In addition to exploring the labyrinth, you can also explore the ocean off the cost of the main town. In this area, you can fish, map out the waters, and interact with other NPC’s that may help you on your journey. While at sea, you have to take provisions with you, mainly food. If you have enough food for six days worth of travel, then you can only move six times at sea. The ocean exploration is mainly for fishing and obtaining money. It’s really the most sufficient way to earn money in the game.

The game offers multiplayer with friends using multiple DS’s and multiple games. You can trade items with your friends as well as do co-op battles with other players. I cannot comment on these aspects due to me not having anyone to play with.

While in town, you can visit the inn to heal your wounds, save, and revive party members. There is also a store where you can buy weapons, armor, and items. You can accept quests at the local pub. Quests come in many shapes and sizes that range from gathering certain items to defeating certain monsters. This will reward you with rare items, money, and experience. It seems that the only way to gain money in the game is by fishing and selling items that you find after battle at the local shop. It’s actually somewhat difficult to earn money this way. Mainly because that game almost requires you to gear up with the best armor and weapons you can get a hold of, because if you don’t, you will die a ton in battles.

That brings me to my biggest gripe with the game: the difficulty. The game is relentless. Even the first floor of the dungeon will test your skills as an RPG gamer. It seems like there are monsters early on that can kill you in almost one hit. When all your party members are dead, it’s game over completely. You have to start back at your last save. The bad thing is, you can’t save in the dungeon. You can only save in town. You can spend upwards to 2 hours on one floor of the dungeon, then die, and lose everything.

The only thing the game allows you to carry over after a game over is what you have written down on your map. Yeah, it’s nice to have your map progress, but it doesn’t help you out too much when you’re back to level two and using your crappy weapons again. It can get frustrating really fast, which is why I said this is a hardcore game. It’s almost a perfect storm of relentlessness with the combination of very expensive gear, difficult enemies, and no good way to earn money. You’ll feel like you played 2 hours and accomplished nothing except a better understanding of the map. This game makes Demon’s Souls feel like child’s play.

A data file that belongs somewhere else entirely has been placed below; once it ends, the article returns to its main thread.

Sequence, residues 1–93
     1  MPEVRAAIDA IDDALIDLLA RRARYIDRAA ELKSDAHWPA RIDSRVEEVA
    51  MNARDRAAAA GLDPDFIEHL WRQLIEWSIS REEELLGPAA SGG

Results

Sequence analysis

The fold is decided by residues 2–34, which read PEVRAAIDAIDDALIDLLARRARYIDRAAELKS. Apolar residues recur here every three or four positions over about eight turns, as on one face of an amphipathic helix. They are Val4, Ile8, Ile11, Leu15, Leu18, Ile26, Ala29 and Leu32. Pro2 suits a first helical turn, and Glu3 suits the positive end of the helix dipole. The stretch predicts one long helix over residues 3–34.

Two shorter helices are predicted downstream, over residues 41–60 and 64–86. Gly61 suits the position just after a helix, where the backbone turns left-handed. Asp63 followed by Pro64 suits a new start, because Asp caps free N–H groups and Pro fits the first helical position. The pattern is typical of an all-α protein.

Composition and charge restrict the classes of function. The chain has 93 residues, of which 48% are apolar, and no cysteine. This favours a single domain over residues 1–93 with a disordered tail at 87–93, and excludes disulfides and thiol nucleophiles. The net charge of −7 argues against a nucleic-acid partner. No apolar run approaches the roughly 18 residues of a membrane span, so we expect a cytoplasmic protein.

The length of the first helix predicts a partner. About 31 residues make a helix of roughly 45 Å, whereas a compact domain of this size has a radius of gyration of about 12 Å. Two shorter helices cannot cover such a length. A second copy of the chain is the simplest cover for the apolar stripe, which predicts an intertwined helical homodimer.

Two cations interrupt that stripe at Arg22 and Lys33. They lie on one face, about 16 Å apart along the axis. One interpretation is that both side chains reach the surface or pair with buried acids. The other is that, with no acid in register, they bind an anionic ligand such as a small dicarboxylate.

I can’t criticize the game too much; it does offer a solid RPG experience albeit a difficult one. The game play can be fun when things go your way, but when they don’t; you will feel like you’re being punished for something very small and something you have no control over. You will end up preparing for your exploration almost as much as you will be exploring. This is one game that you can’t just pick up and play. It takes a large level of commitment to get into. The small story that is there is forgettable, but it does try to explain what’s going on.

This is an RPG that will take some thought into playing it. You can’t just create a team and jump into the dungeon thinking you will survive. You have to plan out every little detail to what weapons you should bring to how many healing items you may need to progress. I know some gamers love that kind of game play, but for the gamers looking for a more action based game, you may want to steer clear. That’s totally up to the player, but unfortunately, I think the difficulty and progression system this game boasts could scare off even veteran RPG players.

Review copy provided by publisher.

Drew is the Community Manager here at ZTGD and his accent simply woos the ladies. His rage is only surpassed by the great one himself and no one should stand between him and his Twizzlers.